Moving to Curb Records in 1986, McDowell scored a Top 10 hit with "It's Only Make Believe," a duet with Conway Twitty on what had been Twitty's breakthrough rock and roll hit in 1958. Initially a member of McDowell's back-up band would substitute for Twitty during live performances. Recently, however, McDowell has performed the song live with Twitty's prerecorded voice, followed by a solo from a member of the back-up band. Two years later, McDowell teamed up with Jerry Lee Lewis for a duet that McDowell wrote, entitled "You're Never Too Old To Rock N' Roll." He also recorded yet another Top 10 hit with his cover version of the pop standard "Unchained Melody," which also became a No. 1 country music video. He started appearing in larger venues and touring with artists such as Conway Twitty, Tammy Wynette and Loretta Lynn before headlining his own shows.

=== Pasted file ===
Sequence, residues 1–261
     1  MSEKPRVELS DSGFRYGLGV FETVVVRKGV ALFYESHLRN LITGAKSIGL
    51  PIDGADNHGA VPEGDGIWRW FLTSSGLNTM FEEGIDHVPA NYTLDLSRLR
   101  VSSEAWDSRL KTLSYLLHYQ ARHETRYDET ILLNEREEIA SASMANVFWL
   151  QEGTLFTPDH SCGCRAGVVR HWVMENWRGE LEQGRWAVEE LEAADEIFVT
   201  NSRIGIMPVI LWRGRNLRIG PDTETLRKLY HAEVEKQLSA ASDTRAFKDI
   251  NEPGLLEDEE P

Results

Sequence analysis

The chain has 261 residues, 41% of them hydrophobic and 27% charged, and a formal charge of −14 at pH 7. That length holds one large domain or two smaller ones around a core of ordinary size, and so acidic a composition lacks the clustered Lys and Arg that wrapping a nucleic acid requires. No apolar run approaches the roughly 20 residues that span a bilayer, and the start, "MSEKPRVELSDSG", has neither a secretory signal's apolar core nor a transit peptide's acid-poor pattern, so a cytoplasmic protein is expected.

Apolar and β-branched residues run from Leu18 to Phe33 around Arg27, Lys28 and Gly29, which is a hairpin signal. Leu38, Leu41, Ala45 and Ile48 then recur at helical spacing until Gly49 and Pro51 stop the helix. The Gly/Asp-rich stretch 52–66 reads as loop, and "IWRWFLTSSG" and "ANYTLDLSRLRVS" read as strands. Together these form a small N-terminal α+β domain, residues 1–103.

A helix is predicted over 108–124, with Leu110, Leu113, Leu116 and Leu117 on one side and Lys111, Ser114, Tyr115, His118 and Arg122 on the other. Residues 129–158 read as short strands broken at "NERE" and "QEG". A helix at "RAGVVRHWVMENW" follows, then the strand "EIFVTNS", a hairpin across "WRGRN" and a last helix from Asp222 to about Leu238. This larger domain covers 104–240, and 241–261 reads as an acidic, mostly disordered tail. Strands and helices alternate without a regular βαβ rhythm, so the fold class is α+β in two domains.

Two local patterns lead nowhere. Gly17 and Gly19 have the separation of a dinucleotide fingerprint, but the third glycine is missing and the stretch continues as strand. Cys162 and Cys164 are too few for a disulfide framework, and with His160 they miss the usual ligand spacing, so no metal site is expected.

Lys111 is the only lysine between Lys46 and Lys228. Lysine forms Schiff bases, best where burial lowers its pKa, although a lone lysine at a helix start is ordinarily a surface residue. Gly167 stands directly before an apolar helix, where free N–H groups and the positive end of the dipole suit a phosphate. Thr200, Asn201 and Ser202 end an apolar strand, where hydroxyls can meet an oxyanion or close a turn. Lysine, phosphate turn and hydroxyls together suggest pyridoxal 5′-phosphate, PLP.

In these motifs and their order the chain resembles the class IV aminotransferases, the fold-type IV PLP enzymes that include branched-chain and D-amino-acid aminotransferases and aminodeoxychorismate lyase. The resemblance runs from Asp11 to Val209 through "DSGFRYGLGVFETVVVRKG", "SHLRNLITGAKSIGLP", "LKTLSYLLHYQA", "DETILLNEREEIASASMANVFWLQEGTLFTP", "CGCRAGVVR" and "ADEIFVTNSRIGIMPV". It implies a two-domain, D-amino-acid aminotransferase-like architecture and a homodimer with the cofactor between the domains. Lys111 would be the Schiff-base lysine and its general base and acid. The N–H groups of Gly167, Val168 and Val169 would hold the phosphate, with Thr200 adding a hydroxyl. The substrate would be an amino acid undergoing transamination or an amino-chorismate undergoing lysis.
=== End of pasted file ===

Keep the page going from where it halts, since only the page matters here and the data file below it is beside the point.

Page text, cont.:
In 2002, McDowell recorded two albums for Curb Records, one consisting of beach music with Rock & Roll Hall of Famer Bill Pinkney's Original Drifters, entitled, "Ronnie McDowell with Bill Pinkney's Original Drifters". The second project, a country album, entitled "Ronnie McDowell Country", a collection of six new McDowell penned songs and a few country standards by such legendary country singers and writers as Buck Owens, Harlan Howard and Dallas Frazier.